Monday, January 2, 2012

away in a manger


May my words be in the Name of the Father, the Son, & the Holy Spirit – Amen.

I begin of course, by wishing you happy New Year again! Our reading begins with the shepherds going to visit the child in the manager, and I was trying to work out how many times over the Christmas period I had heard that favourite hymn 'away in a manger'

4 parish carol services, 3 school services, a couple of times at assembly, the crib service … not to mention the Christmas day services and all the times on the radio …

the hymn came in as the joint favourite Christmas carol of all time in a recent poll … and has often been attributed to Martin Luther … which, sad to relate is not true … the first two verses seem to have been written around 1885 and first appeared in a book of Lutheran children's hymns … for some reason, this book stated it was a hymn that Luther used to sing to his own children, but this statement has no basis in fact: the hymn does not appear in any of his writings, and may have more to do with marketing as this was around the 400th anniversary of Luther's birth. The third verse appears to have been added in the mid 1890's by a man called Charles Gabriel …

fond of the hymn though I am, one line always troubles me a little: the cattle are lowing, the baby awakes, but little lord Jesus, no crying he make …

Why no crying he makes? Babies cry don't they? Today is the feast of the circumcision of our lord … I remember one of the priest talking to us about that when I was at school … it was Fr Roderick, a very nice Capuchin friar, and what he had to say about the circumcision has always stuck in my memory: he said that when he was 8 day's old, the little baby Jesus must have cried a great deal …

And I think that that is something that is very important to remember … the Christ child wasn't some plaster figure lying in some anti-septic straw under electric lights in a romanticised stable in a centrally heated church … he was a flesh and blood human being, a real baby, lying in dusty hay in a stable filled with the smell of cows and sheep – with light and heat coming from a small flickering fire …

and just like any baby that's just been woken, he probably cried … because the baby that the angels announced, and the shepherds came to see, while he was the Son of God, was also the Son of Mary … he was fully God, but he was fully Man … which is what we need him to be … we need him to understand what it is like to cry when you're scared, to be afraid of the dark, to understand what it is like to be cold and hungry … to be alone and uncomfortable …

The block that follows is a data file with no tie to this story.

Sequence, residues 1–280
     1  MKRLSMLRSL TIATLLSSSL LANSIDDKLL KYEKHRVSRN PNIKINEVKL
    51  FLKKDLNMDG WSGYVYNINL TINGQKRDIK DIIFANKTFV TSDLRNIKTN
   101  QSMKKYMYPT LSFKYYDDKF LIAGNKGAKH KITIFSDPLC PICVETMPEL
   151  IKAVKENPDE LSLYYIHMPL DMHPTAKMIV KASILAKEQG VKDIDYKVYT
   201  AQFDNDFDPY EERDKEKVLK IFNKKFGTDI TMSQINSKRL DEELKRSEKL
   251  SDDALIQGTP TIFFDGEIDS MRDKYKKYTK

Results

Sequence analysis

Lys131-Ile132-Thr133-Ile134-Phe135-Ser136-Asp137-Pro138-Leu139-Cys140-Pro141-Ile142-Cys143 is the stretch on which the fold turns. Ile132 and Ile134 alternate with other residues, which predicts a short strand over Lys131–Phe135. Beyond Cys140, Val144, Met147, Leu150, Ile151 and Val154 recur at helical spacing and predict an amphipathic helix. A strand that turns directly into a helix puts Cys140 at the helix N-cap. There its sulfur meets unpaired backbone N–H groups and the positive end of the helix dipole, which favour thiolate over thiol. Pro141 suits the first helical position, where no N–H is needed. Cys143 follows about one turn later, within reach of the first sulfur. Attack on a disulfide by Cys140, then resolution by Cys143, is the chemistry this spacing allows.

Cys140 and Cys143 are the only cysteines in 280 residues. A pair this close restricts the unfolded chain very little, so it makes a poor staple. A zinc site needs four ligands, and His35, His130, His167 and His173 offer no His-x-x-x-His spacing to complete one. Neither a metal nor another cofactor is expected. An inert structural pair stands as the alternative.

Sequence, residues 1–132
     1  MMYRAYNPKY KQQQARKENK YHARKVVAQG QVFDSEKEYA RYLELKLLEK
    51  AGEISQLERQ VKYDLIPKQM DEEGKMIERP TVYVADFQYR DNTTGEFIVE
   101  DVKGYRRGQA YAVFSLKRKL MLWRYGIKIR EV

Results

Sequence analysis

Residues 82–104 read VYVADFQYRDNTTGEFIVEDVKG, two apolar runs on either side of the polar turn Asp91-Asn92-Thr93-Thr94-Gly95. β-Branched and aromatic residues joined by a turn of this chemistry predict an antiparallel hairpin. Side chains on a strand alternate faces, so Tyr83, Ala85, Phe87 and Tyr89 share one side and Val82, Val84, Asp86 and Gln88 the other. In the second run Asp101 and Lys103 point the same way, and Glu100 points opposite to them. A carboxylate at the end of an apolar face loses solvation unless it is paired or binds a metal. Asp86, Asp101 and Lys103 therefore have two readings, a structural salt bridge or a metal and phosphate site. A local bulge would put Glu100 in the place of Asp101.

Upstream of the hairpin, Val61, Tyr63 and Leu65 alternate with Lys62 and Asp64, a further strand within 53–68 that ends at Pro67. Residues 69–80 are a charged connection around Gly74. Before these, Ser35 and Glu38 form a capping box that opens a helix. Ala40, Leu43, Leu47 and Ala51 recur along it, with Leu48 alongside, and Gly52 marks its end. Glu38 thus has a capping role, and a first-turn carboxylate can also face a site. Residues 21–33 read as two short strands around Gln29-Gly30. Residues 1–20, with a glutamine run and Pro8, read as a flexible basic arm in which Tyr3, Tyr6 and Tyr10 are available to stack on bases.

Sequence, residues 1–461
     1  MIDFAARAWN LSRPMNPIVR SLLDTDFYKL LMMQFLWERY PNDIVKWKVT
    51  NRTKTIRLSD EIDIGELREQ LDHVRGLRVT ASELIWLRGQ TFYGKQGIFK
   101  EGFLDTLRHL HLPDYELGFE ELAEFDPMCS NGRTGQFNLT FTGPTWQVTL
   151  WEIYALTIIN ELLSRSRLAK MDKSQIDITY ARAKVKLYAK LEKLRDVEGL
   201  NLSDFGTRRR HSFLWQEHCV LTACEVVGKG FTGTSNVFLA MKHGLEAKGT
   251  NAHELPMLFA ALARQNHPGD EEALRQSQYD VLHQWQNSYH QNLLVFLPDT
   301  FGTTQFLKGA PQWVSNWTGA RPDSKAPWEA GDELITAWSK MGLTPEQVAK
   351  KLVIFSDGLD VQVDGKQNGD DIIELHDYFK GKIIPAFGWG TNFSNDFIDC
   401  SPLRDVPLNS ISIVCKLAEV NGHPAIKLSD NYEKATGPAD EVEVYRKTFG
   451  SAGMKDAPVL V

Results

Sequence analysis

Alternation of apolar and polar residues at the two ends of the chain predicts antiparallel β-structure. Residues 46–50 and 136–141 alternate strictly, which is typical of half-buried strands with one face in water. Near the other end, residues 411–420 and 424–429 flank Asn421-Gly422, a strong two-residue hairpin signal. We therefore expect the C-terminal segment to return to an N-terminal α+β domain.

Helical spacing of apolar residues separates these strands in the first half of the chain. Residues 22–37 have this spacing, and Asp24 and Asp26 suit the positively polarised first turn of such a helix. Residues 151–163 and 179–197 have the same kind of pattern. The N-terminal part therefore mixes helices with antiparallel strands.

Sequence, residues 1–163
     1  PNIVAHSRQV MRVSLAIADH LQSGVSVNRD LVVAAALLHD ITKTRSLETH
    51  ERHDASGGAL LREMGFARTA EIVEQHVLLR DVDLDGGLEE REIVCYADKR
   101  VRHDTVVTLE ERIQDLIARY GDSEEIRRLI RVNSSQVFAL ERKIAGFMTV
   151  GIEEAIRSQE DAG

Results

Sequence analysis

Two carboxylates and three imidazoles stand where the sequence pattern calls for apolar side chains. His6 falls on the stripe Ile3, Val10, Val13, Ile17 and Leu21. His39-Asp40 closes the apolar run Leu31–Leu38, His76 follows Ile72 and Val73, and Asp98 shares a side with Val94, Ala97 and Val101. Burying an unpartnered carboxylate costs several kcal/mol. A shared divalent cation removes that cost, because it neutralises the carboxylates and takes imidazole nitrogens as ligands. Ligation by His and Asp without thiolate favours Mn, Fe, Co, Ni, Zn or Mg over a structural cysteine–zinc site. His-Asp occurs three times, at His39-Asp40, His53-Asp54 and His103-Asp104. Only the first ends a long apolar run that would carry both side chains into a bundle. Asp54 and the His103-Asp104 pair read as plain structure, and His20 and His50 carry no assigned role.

we need a baby Jesus who cried in the manger when the cattle frightened him, when he wanted to be held by his mother, or when he needed to be fed or changed … because we know a baby Jesus like that grew up to have all the human experiences that we did … and so he can understand what it is like for us to go about our daily lives, afraid for the future, sad when loved ones dies, worried when work isn't coming in and we're not sure how we are going to manage or cope … anything we can say about our lives, and what is like to live it, we can be sure that there was some comparable experience in Jesus' life, because we can be sure there was a comparable experience in any human life, and Jesus' life was most certainly a human life … 

don't get me wrong … Away in a manger is one of my favourite hymns … and I'll sing it again next year … and I'll include it in all the carol services and Christmas services that I'm organising not just because it is a much loved favourite, but because it is a genuinely beautiful hymn … but the image it portrays of the baby who doesn't cry owes more to the Victorian ideal that children should be seen and not heard & a quiet child is a good child than it does to any thing to be found in scripture or Christian tradition … a child that is crying isn't bad … it is simply a child … which is what Jesus was … and as we turn our back on the old year and begin the new I pray that we may all remember the profound humanity of Jesus … and take hope for the new year from that & for all the years to come. Amen.

Sermon notes: 1 January 2012 (Feast of the Naming & Circumcision of Jesus)

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